Eight Bad Ideas That Have No Place in Future Stimulus Bills

Policymakers in both parties should keep taking bold action to fight this historic pandemic without embracing these counterproductive or wasteful policies.

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by Ben Ritz, Director, and Brendan McDermott, Fiscal Policy Analyst, of the Progressive Policy Institute’s Center for Funding America’s Future.

The enormity of challenges posed by the coronavirus pandemic, and the speed at which crises can take root, demand that our leaders act boldly and quickly. But the need for decisive action also gives leaders an unfortunate opportunity to “not let a good crisis go to waste” by slipping unrelated policies into must-pass legislation. Congress has largely avoided this temptation to date, and it should continue to avoid it while preparing the next rounds of investment, relief, and stimulus.

Unfortunately, some of President Trump’s proposals for the next comprehensive relief bill would not meet this standard. Instead, these ideas risk exacerbating the spread of the disease while recklessly giving money away to those least in need. Although significantly less harmful, some Democrats have also put forth proposals that would do little to mitigate the current crisis and have no place in stimulus legislation. Policymakers in both parties should keep taking bold action to fight this historic pandemic without embracing these counterproductive or wasteful policies.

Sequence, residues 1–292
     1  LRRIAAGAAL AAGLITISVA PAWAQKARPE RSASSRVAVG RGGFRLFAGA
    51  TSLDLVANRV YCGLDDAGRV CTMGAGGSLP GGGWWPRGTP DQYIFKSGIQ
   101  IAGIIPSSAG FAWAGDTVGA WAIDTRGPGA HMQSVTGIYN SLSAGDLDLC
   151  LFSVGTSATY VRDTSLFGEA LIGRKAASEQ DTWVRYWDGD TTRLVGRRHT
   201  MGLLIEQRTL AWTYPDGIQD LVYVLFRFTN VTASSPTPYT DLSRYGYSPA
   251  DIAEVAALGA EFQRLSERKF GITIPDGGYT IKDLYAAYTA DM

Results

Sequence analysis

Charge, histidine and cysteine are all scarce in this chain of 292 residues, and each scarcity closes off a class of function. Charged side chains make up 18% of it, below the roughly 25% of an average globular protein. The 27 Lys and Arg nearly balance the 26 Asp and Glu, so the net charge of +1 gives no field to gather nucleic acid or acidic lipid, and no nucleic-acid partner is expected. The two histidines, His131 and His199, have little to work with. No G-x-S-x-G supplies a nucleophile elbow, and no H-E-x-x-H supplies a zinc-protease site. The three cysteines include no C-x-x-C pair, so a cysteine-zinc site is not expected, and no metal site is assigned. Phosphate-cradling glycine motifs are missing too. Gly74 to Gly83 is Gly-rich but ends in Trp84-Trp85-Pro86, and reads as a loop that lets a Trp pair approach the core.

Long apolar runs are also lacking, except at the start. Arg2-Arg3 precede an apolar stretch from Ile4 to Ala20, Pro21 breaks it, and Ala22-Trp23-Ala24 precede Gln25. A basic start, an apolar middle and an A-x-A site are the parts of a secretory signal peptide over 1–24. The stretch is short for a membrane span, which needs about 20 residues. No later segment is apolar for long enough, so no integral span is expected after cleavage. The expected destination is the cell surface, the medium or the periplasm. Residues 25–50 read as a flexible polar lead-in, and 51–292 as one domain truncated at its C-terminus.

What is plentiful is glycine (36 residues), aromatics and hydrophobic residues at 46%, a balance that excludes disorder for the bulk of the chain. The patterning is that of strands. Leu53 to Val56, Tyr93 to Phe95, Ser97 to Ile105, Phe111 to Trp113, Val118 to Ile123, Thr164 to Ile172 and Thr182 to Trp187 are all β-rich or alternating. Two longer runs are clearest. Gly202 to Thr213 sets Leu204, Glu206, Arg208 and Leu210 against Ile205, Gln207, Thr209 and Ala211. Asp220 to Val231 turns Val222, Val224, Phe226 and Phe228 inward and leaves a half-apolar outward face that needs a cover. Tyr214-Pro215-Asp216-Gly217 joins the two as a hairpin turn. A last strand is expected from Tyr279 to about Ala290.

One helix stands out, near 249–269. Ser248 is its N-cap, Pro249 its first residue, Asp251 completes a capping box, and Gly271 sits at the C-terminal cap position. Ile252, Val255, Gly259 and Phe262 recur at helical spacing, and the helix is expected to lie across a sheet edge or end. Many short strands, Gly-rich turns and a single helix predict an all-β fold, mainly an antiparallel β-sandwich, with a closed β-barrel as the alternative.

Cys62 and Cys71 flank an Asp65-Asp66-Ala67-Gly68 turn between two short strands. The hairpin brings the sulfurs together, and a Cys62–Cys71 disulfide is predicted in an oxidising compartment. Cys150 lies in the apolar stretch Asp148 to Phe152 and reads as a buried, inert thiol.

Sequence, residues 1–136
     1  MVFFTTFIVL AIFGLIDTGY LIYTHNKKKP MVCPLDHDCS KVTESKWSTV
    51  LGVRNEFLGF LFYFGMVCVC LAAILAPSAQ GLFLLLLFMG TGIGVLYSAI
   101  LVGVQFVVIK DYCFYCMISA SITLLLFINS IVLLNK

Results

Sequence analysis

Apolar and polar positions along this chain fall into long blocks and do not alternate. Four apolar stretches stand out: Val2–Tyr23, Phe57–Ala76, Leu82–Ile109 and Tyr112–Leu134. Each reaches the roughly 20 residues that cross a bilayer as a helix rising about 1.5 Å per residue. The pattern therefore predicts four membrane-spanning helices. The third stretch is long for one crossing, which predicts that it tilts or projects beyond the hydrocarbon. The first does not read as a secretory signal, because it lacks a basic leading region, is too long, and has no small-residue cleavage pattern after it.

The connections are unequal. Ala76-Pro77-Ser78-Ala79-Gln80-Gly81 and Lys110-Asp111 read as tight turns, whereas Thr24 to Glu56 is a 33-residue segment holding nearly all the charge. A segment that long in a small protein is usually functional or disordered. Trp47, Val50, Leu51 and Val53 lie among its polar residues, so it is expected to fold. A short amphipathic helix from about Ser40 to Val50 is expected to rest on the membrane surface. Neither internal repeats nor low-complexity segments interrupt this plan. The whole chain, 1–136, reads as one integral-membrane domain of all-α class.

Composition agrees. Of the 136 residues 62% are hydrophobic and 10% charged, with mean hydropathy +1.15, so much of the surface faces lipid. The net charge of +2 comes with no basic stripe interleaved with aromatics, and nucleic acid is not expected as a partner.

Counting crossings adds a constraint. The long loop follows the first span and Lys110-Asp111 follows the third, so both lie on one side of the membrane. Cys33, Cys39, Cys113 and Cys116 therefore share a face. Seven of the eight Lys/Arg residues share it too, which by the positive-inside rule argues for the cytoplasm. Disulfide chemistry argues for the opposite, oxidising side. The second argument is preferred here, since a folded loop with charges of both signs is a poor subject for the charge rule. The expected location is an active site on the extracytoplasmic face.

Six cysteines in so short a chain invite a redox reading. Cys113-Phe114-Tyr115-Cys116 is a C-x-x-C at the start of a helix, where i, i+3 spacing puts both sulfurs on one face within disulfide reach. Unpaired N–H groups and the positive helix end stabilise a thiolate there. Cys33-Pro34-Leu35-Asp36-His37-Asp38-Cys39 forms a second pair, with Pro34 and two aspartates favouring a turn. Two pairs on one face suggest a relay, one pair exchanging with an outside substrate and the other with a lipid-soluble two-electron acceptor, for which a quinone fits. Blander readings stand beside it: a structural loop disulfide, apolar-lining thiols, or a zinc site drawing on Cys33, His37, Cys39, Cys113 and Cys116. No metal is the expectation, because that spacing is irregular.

1. Limit Business Liability for Employees Who Contract the Coronavirus: Among the worst ideas proposed by the administration and its Republican allies in Congress is offering businesses immunity from legal liability if they make decisions that cause their employees to get sick. These decisions could include opening their business too quickly or failing to abide by social-distancing guidelines. There is no debate among top economists that social distancing should continue for as long as is necessary for the good of public health, including partial or full business closures. Liability protection would incentivize businesses to take risks with their employee’s health, likely exacerbating the spread of the disease. Moreover, it may not even achieve its goal of hastening the recovery — if consumers do not think it is safe to shop, then businesses will not thrive even if they have legal protections. This proposal would only double down on the public health blunders Trump has already made, such as cutting staffing and financing for vital public health offices, downplaying the virus’ threat, and neglecting states who tried to buy lifesaving equipment.

There is no shortage of good ideas to fight the coronavirus and mitigate the economic damage it’s doing to businesses and families. Lawmakers should reject inferior alternatives that would waste important public resources or otherwise exacerbate the crisis.

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Radically Pragmatic. We seek to advance progressive, market-friendly ideas that promote American innovation, economic growth, and wider opportunity.

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